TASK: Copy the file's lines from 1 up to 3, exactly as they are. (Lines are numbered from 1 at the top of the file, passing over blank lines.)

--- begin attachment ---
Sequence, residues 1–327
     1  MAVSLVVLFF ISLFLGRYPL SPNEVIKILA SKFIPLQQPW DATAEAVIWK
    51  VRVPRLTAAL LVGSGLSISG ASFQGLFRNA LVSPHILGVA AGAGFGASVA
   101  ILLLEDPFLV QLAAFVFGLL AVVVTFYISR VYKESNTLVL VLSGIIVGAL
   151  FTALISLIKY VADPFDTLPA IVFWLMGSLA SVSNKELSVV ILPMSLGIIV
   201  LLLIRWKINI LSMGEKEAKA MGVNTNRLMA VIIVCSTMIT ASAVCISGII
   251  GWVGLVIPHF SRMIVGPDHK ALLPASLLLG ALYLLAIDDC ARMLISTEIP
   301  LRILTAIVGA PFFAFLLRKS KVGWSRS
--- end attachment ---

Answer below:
Sequence, residues 1–327
     1  MAVSLVVLFF ISLFLGRYPL SPNEVIKILA SKFIPLQQPW DATAEAVIWK
    51  VRVPRLTAAL LVGSGLSISG ASFQGLFRNA LVSPHILGVA AGAGFGASVA